Glassy interfacial dynamics of Ni nanoparticles: part I Colored noise, dynamic heterogeneity and collective atomic motion

H Zhang and JF Douglas, SOFT MATTER, 9, 1254-1265 (2013).

DOI: 10.1039/c2sm26789f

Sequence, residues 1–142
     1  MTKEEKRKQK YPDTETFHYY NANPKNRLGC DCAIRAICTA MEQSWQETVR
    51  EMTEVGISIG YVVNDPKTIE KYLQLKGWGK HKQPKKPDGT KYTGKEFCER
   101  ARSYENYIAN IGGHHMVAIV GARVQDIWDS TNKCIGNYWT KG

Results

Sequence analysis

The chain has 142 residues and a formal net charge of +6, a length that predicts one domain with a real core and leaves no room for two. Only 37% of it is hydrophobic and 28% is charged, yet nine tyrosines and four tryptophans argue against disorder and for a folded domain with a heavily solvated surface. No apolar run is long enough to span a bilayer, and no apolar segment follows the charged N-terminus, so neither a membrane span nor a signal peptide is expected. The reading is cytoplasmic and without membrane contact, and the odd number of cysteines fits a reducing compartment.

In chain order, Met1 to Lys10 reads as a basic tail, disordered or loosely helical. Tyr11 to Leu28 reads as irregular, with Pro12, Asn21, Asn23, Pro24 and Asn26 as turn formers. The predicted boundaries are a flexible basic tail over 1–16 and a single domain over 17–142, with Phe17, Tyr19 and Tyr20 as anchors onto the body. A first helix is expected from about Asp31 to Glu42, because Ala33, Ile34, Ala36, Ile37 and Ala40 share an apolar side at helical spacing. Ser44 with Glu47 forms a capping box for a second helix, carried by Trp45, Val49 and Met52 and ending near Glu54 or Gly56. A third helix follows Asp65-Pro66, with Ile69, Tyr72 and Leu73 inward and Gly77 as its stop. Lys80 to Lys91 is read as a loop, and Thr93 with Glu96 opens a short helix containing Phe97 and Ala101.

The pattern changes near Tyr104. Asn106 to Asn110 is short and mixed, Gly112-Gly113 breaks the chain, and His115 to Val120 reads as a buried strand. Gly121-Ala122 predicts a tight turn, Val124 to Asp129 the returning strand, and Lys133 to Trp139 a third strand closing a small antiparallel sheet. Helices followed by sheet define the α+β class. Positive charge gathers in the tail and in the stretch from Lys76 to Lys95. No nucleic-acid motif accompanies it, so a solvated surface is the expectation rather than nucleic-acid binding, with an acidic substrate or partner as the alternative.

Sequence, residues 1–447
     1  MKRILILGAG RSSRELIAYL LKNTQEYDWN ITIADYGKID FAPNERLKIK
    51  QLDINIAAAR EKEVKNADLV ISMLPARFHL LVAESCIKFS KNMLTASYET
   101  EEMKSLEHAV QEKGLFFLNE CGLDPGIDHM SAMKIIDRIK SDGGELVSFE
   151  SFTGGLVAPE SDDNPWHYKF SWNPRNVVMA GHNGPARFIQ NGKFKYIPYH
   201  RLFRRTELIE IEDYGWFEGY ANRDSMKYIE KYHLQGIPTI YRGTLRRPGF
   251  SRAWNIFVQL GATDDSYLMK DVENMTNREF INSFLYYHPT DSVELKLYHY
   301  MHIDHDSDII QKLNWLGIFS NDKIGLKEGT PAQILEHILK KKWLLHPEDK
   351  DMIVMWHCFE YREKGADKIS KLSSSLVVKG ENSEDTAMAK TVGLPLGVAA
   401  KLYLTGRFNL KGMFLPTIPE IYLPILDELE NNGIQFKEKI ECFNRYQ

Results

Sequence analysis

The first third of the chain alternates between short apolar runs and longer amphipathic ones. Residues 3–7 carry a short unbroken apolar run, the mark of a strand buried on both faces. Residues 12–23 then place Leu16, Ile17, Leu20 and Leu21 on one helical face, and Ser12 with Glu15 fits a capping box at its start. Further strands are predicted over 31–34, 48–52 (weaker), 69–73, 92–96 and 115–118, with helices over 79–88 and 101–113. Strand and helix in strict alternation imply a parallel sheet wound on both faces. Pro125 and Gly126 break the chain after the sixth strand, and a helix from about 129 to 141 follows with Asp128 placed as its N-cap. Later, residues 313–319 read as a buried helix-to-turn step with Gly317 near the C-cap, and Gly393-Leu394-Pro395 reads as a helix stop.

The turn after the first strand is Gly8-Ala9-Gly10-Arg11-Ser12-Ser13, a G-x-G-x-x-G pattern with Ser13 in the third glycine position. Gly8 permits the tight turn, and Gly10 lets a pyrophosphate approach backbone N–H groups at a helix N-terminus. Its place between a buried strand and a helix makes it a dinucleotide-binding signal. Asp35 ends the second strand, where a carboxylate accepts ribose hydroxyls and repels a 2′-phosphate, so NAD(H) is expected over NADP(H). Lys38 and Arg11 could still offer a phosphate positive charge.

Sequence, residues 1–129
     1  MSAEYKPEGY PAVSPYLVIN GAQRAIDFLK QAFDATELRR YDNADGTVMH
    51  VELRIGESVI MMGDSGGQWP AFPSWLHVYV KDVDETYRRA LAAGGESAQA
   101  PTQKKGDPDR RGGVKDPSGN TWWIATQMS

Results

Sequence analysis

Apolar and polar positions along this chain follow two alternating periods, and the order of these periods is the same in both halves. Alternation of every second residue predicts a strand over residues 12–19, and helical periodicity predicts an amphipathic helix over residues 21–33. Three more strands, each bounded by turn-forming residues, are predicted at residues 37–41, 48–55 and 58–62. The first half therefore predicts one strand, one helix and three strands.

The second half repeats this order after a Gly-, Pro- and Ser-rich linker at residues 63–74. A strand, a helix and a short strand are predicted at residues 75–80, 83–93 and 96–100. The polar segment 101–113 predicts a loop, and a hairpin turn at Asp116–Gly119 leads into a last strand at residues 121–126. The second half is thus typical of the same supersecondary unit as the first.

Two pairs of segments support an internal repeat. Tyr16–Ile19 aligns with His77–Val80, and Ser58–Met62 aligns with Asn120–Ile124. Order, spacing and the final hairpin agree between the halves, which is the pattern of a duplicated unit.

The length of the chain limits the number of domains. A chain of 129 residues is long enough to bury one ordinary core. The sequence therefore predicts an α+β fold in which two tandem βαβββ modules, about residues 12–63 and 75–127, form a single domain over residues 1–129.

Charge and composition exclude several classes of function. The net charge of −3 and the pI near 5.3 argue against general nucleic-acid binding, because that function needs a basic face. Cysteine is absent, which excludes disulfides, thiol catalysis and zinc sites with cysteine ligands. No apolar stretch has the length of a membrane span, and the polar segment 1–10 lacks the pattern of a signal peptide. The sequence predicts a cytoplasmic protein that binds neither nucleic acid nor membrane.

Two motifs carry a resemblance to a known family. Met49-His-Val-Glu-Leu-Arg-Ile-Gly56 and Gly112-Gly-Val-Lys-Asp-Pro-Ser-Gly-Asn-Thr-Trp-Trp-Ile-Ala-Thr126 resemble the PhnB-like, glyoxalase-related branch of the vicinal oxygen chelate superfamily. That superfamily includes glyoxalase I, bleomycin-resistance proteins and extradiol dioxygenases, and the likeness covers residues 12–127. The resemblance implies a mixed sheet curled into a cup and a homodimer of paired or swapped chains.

Most condensed materials exhibit a significant fraction of atoms, molecules or particles that strongly interact with each other, while being configured geometrically at any instant of time in an 'amorphous' state having a relatively uniform density. Recently, both simulations and experiments have revealed that the dynamics of diverse condensed amorphous materials is generally characterized by significant heterogeneity in the local mobility and by progressively increasing collective motion upon cooling that takes the form of string-like collective particle rearrangements. The direct experimental observation of this type of collective motion, which has been directly linked to the growing relaxation times of glass-forming materials, and its quantification under different thermodynamic conditions, have so far been restricted to colloidal and driven granular fluids. The present work addresses the fundamental problem of how to determine the scale of this type of collective motion in materials composed of molecules or atoms. The basic premise of our work is that large scale dynamic particle clustering in amorphous materials must give rise to large fluctuations in particle mobility so that transport properties, especially those related to particle mobility, should naturally exhibit noise related to the cooperative motion scale. In our initial exploratory study seeking a relationship of this kind, we find 1/f(alpha) or 'colored noise', in both potential energy and particle displacement fluctuations of the atoms within the glassy interfacial layer of Ni nanoparticles (NPs). A direct relationship between the particle displacement (mobility) noise exponent alpha and the average polymerization index of the string-like collective motion L is observed for a range of NP sizes, temperatures and for surface doping of the NPs with other metal atoms (Ag, Au, Pt) to change the fragility of the glassy interfacial layer at the surface of the Ni NPs. We also introduce a successful analytic model to understand this relationship between alpha and L.

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